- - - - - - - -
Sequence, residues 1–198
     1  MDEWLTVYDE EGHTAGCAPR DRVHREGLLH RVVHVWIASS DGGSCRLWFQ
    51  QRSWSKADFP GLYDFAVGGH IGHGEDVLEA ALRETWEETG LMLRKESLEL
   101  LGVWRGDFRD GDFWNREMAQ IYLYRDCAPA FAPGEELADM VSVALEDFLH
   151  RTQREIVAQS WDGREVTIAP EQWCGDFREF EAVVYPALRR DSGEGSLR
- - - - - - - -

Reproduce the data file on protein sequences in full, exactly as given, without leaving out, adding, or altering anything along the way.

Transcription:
Sequence, residues 1–198
     1  MDEWLTVYDE EGHTAGCAPR DRVHREGLLH RVVHVWIASS DGGSCRLWFQ
    51  QRSWSKADFP GLYDFAVGGH IGHGEDVLEA ALRETWEETG LMLRKESLEL
   101  LGVWRGDFRD GDFWNREMAQ IYLYRDCAPA FAPGEELADM VSVALEDFLH
   151  RTQREIVAQS WDGREVTIAP EQWCGDFREF EAVVYPALRR DSGEGSLR